A continued viable domestic coal industry
America has depended on the reliable and abundant coal that comes from our land and powers our lives for more than a century, Gates writes, and it’s clear that coal should continue to be a reliable source of electricity for all of us.
Last week at the Platts Coal Properties & Investment conference in Fort Lauderdale, Fla., Stephen Braverman, vice president for coal services, at DTE Coal Services predicted that “No matter what, the U.S. is still going to have a viable domestic coal industry.”Skip to next paragraph
National Communications Director, American Coalition for Clean Coal Electricity (ACCCE)
Steve Gates, as ACCCE’s national communications director, helps direct the industry’s national media campaigns and digital communications efforts. He has more than 15 years of media relations experience in a variety of settings including Capitol Hill press secretary, as well as directing media and outreach programs for international trade associations, the Fortune 200 and federal government programs.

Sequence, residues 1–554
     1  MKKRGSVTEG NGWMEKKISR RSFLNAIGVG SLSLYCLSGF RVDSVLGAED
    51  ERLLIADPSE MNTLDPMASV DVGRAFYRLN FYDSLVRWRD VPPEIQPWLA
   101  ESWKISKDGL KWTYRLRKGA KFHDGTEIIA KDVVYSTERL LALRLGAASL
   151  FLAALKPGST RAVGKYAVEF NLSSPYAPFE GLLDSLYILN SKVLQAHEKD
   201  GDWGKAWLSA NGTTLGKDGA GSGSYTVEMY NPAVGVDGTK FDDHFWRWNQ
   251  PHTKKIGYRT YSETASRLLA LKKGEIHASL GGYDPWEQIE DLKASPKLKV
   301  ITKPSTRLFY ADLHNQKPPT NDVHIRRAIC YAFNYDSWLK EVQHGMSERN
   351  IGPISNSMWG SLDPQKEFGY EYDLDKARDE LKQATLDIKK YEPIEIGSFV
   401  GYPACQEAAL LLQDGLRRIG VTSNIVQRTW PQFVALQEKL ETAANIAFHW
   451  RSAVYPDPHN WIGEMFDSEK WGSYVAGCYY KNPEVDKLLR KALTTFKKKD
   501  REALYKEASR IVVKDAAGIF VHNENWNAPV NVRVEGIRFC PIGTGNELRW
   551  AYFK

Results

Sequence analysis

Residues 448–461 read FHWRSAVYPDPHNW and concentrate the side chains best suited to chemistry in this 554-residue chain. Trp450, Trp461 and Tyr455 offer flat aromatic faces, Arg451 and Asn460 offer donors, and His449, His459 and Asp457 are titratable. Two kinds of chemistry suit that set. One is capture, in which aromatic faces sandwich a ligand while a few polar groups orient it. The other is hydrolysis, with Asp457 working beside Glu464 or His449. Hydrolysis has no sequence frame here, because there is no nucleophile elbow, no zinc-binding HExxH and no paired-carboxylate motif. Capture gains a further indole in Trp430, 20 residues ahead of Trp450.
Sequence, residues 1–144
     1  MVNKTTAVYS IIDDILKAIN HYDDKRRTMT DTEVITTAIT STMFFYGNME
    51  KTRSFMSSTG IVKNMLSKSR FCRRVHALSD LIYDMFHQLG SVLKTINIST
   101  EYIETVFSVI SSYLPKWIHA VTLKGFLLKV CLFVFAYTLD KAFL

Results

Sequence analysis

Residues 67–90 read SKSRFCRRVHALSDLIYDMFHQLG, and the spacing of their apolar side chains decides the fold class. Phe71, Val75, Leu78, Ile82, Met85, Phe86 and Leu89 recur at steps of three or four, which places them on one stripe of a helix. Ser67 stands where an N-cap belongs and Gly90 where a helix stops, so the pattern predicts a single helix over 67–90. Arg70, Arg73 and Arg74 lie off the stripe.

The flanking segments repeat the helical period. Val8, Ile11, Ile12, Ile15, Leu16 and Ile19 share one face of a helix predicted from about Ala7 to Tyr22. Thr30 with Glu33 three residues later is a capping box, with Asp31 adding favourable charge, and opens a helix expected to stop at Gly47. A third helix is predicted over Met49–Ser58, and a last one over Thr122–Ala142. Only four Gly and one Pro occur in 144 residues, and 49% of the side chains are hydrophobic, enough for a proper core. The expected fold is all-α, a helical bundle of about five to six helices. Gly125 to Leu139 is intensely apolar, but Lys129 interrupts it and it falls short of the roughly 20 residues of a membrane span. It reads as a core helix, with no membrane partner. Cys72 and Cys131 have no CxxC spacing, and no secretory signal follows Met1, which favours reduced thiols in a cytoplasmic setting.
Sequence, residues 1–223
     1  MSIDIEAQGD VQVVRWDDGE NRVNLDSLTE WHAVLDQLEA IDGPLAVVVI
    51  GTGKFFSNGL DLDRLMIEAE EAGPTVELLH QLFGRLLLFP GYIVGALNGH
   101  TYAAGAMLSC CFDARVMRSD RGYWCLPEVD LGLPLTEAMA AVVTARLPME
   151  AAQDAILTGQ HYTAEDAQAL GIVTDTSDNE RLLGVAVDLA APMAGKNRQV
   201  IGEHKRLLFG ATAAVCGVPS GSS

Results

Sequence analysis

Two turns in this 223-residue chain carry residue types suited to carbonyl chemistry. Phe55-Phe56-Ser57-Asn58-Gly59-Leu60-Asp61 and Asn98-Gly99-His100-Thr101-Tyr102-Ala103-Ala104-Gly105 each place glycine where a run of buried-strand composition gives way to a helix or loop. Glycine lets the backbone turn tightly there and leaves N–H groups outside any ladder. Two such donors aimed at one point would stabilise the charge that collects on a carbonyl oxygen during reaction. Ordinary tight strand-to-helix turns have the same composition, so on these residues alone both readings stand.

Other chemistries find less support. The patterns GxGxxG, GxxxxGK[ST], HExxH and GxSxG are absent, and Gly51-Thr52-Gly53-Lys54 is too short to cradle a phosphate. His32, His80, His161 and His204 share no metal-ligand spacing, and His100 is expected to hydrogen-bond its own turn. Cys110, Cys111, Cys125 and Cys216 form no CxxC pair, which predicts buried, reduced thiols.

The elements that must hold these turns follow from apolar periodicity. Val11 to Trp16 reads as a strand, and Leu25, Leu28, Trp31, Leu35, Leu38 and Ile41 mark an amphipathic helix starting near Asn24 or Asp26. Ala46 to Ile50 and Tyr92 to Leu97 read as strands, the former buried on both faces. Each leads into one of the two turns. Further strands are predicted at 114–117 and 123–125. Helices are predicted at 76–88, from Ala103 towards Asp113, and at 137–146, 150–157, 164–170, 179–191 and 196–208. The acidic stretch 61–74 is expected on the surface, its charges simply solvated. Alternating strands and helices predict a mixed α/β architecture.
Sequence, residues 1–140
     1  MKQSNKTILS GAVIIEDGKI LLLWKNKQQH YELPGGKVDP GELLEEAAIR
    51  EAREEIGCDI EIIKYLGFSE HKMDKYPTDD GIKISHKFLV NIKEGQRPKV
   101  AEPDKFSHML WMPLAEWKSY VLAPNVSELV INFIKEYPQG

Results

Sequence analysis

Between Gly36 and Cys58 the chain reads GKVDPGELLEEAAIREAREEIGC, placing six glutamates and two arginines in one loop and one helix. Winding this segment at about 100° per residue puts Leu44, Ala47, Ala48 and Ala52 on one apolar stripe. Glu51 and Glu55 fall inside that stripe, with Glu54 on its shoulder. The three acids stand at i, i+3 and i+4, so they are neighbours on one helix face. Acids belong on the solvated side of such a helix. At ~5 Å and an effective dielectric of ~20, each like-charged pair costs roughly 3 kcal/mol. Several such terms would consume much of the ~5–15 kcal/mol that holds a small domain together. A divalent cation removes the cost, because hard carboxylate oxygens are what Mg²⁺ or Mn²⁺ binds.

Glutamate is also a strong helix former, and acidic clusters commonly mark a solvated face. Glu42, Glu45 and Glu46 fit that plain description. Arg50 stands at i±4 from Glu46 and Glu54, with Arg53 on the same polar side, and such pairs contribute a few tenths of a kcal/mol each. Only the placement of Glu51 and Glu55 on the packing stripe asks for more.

Ukraine crisis: There is no US 'energy weapon'
Europe looks to cut Russian gas imports amid Ukraine crisis
Would exporting energy to Ukraine raise US gas prices?
Three years after Fukushima tragedy, Japan makes U-turn on nuclear energy (+video)
US oil boom fuels rail industry resurgence
Subscribe Today to the Monitor
According to Platts, Braverman said “the end result of the slew of new regulations facing the industry will be bigger units that burn more coal.”
Braverman said, he predicts a 4% drop in coal-fired generation by 2020, and that older, high-heat rate plants are more at risk of being shuttered.
But larger, more efficient coal-fired plants will continue to operate and provide baseload generation, Braverman said.
That’s why affordable, stable electricity from coal is essential to this country. We need this natural resource—there is more than two centuries of coal in the U.S.—to keep the doors open at small businesses, power our hospitals and keep assembly lines running at manufacturing plants across the country.
America has depended on the reliable and abundant coal that comes from our land and powers our lives for more than a century. With the energy in America’s coal reserves being roughly equal to the world’s known oil reserves, it’s clear that coal should continue to be a reliable source of electricity for all of us.
The Monitor allows its sponsoring partners to connect directly with Monitor readers by including content on CSMonitor.com. Sponsored content is always clearly labeled—and is written, edited, and produced by the sponsor. Questions? E-mail us.